The irrepressible Juraj Jakubisko (1938–) represents the baroque vanguard of the Czechoslovak New Wave’s Slovak contingent. After assisting on early works by fellow students Jaromil Jireš and Věra Chytilová at Prague’s FAMU film school, Jakubisko soon made his own mark with a succession of acclaimed, flamboyant and provocative films which saw him dubbed “the Slovak Fellini” at the 1968 Venice Film Festival, but which also earnt him the sustained wrath of his nation’s censors, with three of his four 1960s features shelved until after 1989’s Velvet Revolution, including the extraordinary Birds, Orphans and Fools that opens this season.
His similarly exuberant contemporary Elo Havetta said: “Jakubisko was the first to show that folklore is something more than songs and dances – a living tradition.” Moreover, his ludic, carnivalesque cinema – a clear influence on latter-day FAMU alumnus, Emir Kusturica – is also steeped in magical realism, symbolism and intertextuality and has habitually been highly engaged with the often-precarious times in which it was made. This season of imported prints principally focuses on the director’s feature-length works from the 1960s to the close of the 1980s, which typically position their lead characters in manic, triangular relationships amid trying times, but also includes the sumptuous fairy-tale Perinbaba starring Giulietta Masina, emphasising Jakubisko’s great affinity with Federico Fellini, on- and off-screen.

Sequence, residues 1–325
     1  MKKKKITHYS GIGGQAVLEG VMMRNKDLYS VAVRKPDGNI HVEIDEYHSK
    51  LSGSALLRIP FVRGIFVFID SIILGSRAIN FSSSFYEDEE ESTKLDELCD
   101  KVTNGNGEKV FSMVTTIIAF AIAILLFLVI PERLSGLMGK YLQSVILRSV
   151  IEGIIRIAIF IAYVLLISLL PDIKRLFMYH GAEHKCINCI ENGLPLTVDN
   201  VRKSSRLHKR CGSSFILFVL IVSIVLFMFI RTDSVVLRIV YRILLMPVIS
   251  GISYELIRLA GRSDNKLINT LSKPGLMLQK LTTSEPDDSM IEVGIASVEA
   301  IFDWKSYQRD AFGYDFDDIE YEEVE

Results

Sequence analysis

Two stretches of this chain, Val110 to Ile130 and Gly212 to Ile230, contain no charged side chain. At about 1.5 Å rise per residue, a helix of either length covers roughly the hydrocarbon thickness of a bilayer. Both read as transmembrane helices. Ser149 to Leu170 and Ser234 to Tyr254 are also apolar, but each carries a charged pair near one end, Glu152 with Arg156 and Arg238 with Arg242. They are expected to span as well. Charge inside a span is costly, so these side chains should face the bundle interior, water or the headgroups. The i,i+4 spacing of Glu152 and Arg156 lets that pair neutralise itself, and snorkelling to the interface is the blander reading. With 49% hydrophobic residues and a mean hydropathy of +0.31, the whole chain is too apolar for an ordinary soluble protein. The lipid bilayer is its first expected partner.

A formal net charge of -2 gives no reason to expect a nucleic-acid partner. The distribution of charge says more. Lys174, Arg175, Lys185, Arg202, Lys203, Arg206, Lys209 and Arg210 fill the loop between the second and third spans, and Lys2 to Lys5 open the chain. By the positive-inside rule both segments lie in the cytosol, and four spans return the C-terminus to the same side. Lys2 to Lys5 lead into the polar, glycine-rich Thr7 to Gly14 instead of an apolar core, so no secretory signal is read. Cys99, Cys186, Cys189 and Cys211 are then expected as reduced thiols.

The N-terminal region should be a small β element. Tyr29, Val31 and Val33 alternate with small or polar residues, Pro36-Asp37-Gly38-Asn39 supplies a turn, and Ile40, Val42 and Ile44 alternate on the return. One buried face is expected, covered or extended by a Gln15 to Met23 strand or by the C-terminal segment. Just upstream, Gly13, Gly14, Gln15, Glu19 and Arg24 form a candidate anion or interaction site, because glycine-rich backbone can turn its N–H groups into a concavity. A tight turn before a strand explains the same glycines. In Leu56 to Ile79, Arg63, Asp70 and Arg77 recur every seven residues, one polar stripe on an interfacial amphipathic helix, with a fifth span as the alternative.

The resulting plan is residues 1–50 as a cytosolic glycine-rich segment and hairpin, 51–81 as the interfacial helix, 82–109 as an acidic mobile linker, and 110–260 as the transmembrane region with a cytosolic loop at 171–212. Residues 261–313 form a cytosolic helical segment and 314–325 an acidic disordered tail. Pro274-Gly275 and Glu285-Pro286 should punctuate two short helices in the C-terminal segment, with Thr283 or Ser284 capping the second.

Australia's longest-running film society, Melbourne Cinémathèque screens significant works of international cinema in the medium they were created, the way they would have originally screened.
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